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New collision attacks against triple-DES, Blowfish break HTTPS sessions

Fahmida Y. Rashid | Aug. 26, 2016
Legacy ciphers such as triple-DES and Blowfish are vulnerable to Sweet32 attacks, which let attackers decrypt HTTPS sessions even without the encryption key

OpenVPN 2.3.12 comes with a warning about Blowfish weaknesses and secure configuration advice for dealing with Sweet32. OpenSSL 1.0.2 and 1.0.1 will move 3DES from the HIGH keyword to MEDIUM keyword and support it by default, the newer OpenSSL 1.1.0 will no longer compile the cipher as part of the default build. Administrators wanting to use the legacy cipher in OpenSSL 1.1.0 will need to use the enable-weak-ssl-ciphers configuration option, and even then, the cipher is allowed only in the MEDIUM keyword. Major browsers makers are making changes that would prioritize more secure ciphers over 3DES.

The techniques and principles used to craft the attack are well-understood in cryptographic circles. The researchers reduced the complexity and time needed to execute the attack.

"While the principles behind this attack are well known, there's always a difference between attacks in principle and attacks in practice. What this paper shows is that we really need to start paying attention to the practice," wrote Matthew Green, cryptography expert and professor at Johns Hopkins University.

Simply because the attack is possible doesn't mean it is particularly easy to carry out. For Sweet32, the attacker needs to be able to monitor traffic passing between the user and a vulnerable website, as well as control JavaScript on a web page loaded by the user's browser. It would take about 38 hours to collect hundreds of gigabytes of data necessary to decrypt the authentication cookie. This attack outlook is very much a laboratory scenario, but it's a good reminder that eventually these attacks will become easier to carry out.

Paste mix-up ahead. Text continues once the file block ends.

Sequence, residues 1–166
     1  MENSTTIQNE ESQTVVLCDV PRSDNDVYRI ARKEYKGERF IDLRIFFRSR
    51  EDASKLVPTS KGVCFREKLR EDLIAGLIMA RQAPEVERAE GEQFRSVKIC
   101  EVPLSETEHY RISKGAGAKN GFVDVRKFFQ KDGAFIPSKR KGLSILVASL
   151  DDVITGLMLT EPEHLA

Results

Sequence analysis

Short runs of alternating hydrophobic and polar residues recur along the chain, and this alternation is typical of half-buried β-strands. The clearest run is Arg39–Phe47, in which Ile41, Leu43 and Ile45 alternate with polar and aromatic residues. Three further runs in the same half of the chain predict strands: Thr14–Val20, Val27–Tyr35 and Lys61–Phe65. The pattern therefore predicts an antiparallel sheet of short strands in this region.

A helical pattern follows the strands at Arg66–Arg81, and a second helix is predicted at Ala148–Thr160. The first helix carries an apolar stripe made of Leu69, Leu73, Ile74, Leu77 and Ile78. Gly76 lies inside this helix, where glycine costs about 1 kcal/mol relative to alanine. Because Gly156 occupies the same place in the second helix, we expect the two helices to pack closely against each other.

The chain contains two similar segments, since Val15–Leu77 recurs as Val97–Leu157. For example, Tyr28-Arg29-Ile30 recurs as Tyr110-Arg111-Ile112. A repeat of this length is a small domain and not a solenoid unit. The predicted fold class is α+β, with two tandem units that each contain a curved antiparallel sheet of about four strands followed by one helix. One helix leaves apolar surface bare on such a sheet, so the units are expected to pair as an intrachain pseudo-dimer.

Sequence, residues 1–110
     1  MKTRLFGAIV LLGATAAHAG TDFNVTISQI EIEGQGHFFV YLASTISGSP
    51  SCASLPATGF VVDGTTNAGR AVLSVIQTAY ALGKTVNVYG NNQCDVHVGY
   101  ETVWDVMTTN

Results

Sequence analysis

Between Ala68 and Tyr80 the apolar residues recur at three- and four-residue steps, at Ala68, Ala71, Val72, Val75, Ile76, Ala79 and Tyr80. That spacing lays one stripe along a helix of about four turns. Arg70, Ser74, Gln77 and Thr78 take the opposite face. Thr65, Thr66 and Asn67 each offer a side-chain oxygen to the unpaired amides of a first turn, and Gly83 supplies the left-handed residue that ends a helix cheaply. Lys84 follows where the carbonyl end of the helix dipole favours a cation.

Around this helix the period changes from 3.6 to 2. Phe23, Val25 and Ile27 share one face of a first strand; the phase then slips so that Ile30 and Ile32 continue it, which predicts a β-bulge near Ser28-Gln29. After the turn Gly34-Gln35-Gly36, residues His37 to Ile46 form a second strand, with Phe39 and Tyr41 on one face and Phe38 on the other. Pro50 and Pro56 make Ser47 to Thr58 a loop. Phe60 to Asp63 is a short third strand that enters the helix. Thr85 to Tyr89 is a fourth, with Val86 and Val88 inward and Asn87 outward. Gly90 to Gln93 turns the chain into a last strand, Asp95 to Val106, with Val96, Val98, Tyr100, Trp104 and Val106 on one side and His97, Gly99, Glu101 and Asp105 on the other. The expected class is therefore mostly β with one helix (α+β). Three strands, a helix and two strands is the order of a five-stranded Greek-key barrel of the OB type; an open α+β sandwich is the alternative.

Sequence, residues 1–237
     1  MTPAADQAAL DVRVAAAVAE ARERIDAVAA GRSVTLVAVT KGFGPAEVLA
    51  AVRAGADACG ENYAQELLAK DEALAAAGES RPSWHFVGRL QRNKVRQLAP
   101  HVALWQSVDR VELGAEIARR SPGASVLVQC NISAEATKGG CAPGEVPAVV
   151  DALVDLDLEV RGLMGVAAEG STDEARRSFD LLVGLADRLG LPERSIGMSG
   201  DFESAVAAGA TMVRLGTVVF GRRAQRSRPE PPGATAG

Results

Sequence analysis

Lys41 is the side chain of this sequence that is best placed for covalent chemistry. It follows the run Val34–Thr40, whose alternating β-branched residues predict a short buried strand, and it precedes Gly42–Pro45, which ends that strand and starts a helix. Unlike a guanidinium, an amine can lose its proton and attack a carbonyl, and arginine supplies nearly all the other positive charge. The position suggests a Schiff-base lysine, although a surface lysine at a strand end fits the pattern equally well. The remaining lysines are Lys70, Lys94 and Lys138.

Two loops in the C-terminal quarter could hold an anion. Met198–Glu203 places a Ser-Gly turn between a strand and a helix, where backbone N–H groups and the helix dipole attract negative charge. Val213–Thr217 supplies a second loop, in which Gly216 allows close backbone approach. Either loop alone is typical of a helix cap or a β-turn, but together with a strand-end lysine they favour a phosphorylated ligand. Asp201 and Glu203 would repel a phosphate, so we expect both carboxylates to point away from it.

Enterprises and developers should treat 3DES and Blowfish in the same way they treat RC4: stop using it. The complexity of Sweet32 is comparable to recently developed attacks against RC4, the researchers said. Researchers developing more ways to attack RC4 sped up its deprecation. Major web browsers no longer support RC4, and major websites such as Gmail have entirely deprecated the cipher.

Developers should stop using legacy 64-bit block-ciphers altogether. In the case of Sweet32, that means disabling the Triple DES symmetric key cipher in TLS and retiring Blowfish in OpenVPN. Ciphers with larger block sizes, such as AES, are immune from Sweet32. Server administrators can also disable shorter ciphers entirely. This would affect a small number of users who are still relying on older hardware and software.

There is no need to wait till the attackers are easy and cheap to execute to get rid of weak and vulnerable cryptographic ciphers. Just as there is a concerted effort to ditch RC4, other 64-bit ciphers also need to go.

 

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